So far during our 3 month sabbatical we’ve enjoyed weekday lunches at Hawksmoor, Bob Bob Ricard, and Launceston Place. These were before our trip to the Falklands. We carried on as soon as we got back, through late February and March, though I’m a bit late posting the reviews!
The L’Oranger lunch menu offers a choice of four starters and four main courses and one can select a dessert from the full dessert menu. At £27.50 for 2 courses and £31.50 for three it’s a little more expensive than some of the other lunch menus we’ve enjoyed but still reasonably priced, I think. And having so many dishes to choose from, all of which appeal, is always a pleasure.
The room clearly has history, which is not surprising given it’s prime St James Street location. Inside are beautiful age-worn mirror panels, elegant ceiling roses and cornices and, nearer the front of the restaurnant, wooden panelling, though the panels nearer the front seem to have been painted with a faux-wood effect, which doesn’t quite fit with the rest! The main dining area is bathed in light from a beautiful skylight which suggests it may have been an orangerie; perhaps this is what the restaurant is named for?
We are initially seated beneath the glass roof, but I suspect my sneezing might be triggered by the huge display of flowers just next to us, so ask if we can move. We are given a spacious table nearer the front of the restaurant.
As usual, we ask for tap water, which is regularly refilled without prompting. We are offered a range of bread, both types tried are fresh and fantastic. I like that the butter is served with crushed peppercorns rather than the ubiquitous sea salt – this gives a wonderful fleeting heat to each bite!
Tiny cups of hot, thick and creamy cauliflower soup drizzled with a garlic-herb oil whet our appetites. I like this simpleoffering much more than the complex, strangely sour, runny cauliflower amuse bouche at Launceston Place.
For his starter Pete chooses the ‘tartelette au boudin noir et pommes fondantes et croquantes, vinaigrette truffée – thin tart of black pudding, green apple, truffle vinaigrette’. The tart, in this case, consists of a very, very thin and crispy toast or pastry circle on which the black pudding is piled. Pete is surprised by the meltingly soft texture of the pudding and, whilst he enjoys it immensely, says he prefers the slightly more solid texture of puddings with added filler, though I love it as it is. The apples and dressed salad both work well next to the iron-rich pudding.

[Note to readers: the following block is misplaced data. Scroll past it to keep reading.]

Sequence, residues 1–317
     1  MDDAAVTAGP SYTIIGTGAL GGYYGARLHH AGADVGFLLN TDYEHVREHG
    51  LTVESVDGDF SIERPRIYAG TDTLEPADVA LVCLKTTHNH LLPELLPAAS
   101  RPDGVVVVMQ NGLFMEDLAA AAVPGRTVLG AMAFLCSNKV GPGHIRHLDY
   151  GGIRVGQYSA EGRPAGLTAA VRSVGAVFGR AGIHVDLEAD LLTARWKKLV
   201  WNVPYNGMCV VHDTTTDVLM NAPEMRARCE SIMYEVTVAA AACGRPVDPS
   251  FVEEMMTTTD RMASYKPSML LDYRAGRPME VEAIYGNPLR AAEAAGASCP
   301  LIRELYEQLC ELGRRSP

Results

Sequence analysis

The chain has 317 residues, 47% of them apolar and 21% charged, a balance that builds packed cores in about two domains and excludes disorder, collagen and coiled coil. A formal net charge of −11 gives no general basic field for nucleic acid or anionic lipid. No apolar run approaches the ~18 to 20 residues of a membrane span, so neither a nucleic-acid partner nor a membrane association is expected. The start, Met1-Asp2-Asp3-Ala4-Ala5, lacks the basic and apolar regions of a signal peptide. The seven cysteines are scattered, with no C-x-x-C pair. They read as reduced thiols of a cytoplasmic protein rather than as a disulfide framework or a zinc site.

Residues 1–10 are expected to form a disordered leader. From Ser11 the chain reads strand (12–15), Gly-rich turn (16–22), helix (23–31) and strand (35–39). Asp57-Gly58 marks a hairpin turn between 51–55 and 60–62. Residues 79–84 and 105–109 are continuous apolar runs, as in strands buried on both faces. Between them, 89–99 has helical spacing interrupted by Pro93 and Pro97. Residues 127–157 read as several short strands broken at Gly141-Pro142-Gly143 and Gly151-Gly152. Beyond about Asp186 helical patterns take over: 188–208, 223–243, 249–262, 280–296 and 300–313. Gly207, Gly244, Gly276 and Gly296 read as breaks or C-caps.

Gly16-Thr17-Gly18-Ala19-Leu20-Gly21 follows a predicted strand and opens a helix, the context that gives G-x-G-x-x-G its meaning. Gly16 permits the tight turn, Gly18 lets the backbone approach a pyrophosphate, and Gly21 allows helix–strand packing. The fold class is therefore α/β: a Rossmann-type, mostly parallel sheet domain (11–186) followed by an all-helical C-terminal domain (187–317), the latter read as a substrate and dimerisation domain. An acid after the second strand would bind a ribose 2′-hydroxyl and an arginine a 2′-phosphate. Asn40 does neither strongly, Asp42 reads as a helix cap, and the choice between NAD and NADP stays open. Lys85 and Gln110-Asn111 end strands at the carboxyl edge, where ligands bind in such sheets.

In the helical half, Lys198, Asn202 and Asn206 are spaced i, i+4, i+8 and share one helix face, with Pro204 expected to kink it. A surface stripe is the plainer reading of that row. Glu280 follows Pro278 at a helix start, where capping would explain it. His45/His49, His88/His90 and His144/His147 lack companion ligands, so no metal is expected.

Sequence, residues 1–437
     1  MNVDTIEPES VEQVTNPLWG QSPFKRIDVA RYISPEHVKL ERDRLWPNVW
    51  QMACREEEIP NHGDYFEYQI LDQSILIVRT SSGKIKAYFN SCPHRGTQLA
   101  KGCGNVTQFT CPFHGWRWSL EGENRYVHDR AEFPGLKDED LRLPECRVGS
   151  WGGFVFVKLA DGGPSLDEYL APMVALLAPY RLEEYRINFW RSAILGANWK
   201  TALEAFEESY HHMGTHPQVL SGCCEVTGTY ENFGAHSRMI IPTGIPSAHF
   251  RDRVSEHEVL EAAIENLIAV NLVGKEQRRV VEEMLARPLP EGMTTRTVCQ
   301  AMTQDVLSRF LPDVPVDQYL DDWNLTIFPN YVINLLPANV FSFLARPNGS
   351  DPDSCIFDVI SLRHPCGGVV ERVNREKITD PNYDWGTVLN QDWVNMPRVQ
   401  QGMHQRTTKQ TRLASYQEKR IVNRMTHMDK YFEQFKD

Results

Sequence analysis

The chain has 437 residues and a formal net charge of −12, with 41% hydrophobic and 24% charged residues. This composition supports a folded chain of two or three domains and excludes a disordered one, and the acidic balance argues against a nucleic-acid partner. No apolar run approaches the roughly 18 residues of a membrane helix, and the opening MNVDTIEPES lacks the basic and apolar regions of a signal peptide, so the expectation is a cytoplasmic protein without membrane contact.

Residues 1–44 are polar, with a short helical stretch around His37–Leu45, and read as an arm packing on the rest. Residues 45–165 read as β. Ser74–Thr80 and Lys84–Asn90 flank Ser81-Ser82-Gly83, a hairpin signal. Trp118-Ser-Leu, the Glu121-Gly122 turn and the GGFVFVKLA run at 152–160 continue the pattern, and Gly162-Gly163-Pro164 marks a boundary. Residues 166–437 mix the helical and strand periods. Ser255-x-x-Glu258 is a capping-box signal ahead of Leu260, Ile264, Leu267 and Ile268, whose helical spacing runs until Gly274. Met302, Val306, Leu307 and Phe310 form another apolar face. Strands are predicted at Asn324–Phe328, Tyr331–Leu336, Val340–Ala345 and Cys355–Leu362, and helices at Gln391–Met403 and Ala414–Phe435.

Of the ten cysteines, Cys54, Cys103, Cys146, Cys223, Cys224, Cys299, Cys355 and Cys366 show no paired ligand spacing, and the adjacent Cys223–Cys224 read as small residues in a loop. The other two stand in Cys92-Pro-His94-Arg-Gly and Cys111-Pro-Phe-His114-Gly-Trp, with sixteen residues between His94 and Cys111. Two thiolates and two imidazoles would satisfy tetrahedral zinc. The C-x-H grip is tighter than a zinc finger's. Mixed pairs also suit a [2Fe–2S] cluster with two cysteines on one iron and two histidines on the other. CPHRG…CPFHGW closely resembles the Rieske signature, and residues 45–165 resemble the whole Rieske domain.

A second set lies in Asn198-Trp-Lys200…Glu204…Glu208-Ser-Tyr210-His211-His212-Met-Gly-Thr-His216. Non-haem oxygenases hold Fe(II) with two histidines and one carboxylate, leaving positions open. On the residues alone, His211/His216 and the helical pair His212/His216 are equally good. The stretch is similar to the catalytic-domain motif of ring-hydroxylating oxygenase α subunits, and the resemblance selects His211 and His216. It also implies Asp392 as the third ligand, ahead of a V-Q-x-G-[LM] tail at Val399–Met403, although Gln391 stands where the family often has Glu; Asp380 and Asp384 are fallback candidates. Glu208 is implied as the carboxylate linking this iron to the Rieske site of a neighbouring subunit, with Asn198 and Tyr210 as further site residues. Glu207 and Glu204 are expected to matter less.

My beautifully plated ‘l’oeuf poché sur canapé croustillant, duxelle de champignons Mousseline de clémentine – poached egg on toasted bread, wild mushrooms, clementine mousseline’ is a work of art! I know many will dismiss it as unbearably poncy but for me, whilst taste will always remain the most important aspect, I’m quite happy to enjoy the visual thrill of delicious food presented so delightfully. I adore the deep, woody flavour of the duxelle between slices of fried toast. The egg is perfectly poached and subtly enhanced by the very light mayonnaise sauce – I’m guessing this is the clementine mousseline, though I don’t detect any citrus flavour in it myself. Pete says he’d probably leave the clementine segments out of the dish but I love the burst of sweet juice they provide. I could happily eat this again right now!
Both the other starters – a mascarpone and Serrano ham risotto with Parmesan grissini and a pumpkin & chestnut velouté with smoked bacon bits – also appealed.
The ‘rumsteack sauce aux poivre de Séchouan, gratin de navets au parfum de muscade – beef rump steak, Sichuan pepper sauce, gratin of turnips, slightly flavored with nutmeg’ is a fairly classic steak dish. Served medium-rare, as requested, it’s tender and full of flavour. The turnip gratin is beautiful – thick, creamy, cheesy and with that hint of earthiness from the turnips. The sauce is a simple but nicely executed pepper sauce.